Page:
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A Poet Among Journalists
More than anything, one is struck by the light, writes
Ryszard Kapuscinski in The Shadow of the Sun, his new book
on Africa. Brightness everywhere...We discard overcoats, peel
off sweaters. Its the first gesture of initiation we, the
people of the North, perform upon arrival in Africa.
Kapuscinski, who was born in Poland in 1932, has spent his career
chronicling political shifts in the Third World. He began as a foreign
correspondent for the Polish Press Agency, which could afford to
send only one reporter to each continent. That was an advantage,
he recalled in an interview at Londons Institute for Contemporary
Art. It took me from place to place, from revolution to revolution.
But gradually, Kapuscinski realized that newspaper articles could
not do justice to a complex political situation. He began to write
books that used literary techniques to dissect rampages and revolutionsamong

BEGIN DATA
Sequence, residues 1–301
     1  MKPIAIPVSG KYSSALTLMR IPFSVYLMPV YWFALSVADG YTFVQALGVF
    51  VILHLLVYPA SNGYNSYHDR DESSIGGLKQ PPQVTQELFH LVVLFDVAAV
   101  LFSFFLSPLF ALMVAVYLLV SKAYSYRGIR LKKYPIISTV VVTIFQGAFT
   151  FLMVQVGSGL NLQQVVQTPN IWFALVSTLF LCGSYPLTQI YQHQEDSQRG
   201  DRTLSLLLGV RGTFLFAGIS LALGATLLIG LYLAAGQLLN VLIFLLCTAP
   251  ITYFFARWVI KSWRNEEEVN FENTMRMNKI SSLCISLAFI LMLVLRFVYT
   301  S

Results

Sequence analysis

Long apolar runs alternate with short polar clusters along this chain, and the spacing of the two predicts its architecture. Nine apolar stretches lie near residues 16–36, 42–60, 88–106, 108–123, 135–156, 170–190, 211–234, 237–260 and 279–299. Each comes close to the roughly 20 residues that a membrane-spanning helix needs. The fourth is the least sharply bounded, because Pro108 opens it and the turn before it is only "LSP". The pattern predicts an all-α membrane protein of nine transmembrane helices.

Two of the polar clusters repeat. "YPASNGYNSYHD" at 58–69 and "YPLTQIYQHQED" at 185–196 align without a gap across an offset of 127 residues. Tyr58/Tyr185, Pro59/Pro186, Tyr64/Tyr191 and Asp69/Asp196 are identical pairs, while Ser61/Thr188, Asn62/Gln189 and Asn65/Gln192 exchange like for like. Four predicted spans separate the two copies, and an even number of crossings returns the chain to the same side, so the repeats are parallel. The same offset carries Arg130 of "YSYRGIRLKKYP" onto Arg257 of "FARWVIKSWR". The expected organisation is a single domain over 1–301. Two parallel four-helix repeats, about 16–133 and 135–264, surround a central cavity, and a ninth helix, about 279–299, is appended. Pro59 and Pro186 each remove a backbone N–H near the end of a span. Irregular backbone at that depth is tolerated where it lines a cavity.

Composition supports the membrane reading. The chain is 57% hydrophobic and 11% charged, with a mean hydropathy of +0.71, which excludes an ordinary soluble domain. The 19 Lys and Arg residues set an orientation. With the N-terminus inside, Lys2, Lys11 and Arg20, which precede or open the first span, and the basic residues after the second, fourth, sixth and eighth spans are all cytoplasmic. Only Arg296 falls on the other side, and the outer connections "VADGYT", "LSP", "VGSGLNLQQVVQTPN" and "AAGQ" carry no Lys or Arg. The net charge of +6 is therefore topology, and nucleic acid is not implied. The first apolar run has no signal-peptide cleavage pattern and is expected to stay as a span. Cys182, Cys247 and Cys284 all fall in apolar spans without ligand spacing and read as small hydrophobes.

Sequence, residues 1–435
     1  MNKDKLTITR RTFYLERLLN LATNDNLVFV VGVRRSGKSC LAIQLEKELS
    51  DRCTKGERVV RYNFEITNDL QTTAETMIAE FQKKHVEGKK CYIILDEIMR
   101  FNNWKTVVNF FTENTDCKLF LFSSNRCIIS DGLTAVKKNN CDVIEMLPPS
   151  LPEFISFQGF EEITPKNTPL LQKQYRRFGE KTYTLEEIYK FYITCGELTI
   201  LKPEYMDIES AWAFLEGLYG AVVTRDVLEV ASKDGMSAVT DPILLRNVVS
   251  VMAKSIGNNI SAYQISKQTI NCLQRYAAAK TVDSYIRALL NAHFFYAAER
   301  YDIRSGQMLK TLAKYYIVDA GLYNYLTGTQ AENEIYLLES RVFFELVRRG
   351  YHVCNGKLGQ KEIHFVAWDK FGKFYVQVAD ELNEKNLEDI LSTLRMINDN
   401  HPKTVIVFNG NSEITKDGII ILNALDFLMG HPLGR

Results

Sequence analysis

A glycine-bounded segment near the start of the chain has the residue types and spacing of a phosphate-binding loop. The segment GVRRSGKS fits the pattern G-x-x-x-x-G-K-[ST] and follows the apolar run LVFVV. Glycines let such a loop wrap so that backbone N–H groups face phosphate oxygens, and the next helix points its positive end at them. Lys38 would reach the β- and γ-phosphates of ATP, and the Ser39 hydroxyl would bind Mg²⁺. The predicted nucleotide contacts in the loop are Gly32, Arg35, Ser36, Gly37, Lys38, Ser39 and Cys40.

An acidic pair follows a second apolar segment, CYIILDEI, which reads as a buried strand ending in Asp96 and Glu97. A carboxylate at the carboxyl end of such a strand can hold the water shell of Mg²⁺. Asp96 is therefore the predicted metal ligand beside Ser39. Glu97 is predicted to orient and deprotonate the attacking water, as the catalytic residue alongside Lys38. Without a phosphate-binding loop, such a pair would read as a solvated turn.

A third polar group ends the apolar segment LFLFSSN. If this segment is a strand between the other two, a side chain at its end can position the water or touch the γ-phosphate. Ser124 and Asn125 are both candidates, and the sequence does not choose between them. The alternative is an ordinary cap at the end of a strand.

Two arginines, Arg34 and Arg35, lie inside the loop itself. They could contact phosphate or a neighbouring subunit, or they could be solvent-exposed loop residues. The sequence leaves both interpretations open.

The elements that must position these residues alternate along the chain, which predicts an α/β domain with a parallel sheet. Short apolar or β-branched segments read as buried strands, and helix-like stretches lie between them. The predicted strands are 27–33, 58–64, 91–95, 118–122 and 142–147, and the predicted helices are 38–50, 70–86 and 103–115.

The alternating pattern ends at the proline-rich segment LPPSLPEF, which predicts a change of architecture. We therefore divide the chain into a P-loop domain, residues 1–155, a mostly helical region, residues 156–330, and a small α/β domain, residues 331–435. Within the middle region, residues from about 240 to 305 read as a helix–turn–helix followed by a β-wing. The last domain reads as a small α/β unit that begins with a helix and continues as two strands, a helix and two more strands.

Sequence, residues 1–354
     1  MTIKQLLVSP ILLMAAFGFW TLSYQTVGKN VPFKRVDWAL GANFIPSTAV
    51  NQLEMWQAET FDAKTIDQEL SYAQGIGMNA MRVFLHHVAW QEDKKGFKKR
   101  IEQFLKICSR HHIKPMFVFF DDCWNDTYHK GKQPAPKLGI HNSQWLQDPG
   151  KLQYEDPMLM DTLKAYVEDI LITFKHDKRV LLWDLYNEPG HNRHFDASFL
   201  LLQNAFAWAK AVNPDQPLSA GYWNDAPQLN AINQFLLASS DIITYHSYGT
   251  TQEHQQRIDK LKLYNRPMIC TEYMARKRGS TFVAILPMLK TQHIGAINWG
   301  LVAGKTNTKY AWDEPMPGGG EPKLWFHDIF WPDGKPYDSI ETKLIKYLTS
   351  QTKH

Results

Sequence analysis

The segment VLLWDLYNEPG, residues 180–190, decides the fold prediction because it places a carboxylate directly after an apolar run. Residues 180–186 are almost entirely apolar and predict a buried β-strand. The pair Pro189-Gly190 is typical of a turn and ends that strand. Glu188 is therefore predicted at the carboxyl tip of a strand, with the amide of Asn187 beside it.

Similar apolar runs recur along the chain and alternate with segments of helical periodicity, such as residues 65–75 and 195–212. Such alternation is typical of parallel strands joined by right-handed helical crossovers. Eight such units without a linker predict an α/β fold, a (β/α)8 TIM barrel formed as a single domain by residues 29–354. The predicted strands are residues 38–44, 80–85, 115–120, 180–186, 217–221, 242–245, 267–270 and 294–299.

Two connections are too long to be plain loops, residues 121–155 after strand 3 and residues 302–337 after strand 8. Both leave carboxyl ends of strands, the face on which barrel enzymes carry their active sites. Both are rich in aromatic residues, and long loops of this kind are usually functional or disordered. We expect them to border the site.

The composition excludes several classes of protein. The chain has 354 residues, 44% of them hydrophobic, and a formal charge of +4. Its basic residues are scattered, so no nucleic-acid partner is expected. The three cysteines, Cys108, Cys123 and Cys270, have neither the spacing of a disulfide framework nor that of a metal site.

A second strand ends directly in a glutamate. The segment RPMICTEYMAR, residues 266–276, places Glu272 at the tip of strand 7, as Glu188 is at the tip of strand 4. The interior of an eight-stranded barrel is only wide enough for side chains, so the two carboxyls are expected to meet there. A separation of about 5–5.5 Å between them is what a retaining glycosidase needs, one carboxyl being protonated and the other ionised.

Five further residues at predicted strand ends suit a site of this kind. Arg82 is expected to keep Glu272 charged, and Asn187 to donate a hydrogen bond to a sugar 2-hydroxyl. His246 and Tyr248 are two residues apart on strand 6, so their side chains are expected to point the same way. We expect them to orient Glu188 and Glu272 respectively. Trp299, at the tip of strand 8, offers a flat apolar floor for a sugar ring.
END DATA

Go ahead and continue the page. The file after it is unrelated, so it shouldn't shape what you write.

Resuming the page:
them The Emperor, about the downfall of Ethiopian dictator
Haile Selassie, and Shah of Shahs, about Iran.
The Shadow of the Sun is the latest in a series of Kapuscinskis
books about Africa. In a succession of short, impressionistic chapters
it distills his experiences over four decades, building up a complex
portrait of a continent for which the author clearly feels both
affection and unease. Small, quotidian details shed light on larger
political issues, as in this excerpt about a marketplace, from a
chapter on Uganda under Idi Amin:
The fishermen threw their catch onto a table, and when the
onlookers saw it, they grew still and silent. The fish was fat,
enormous....Everyone knew that for a long time now Amins henchmen
had been dumping the bodies of their victims in the lake, and that
crocodiles and meat-eating fish must have been feasting on them.
The crowd remained quiet.
Such scenes are eerily familiar for one who grew up under the Nazi
occupation of Poland. Kapuscinski, who writes all his books in Warsaw,
is driven above all by a need to understand corruption. I
dont feel very comfortable in developed countries, he
has acknowledged. What Im interested in is a situation
and the structure of power....The country is the theater, but the
play is universal.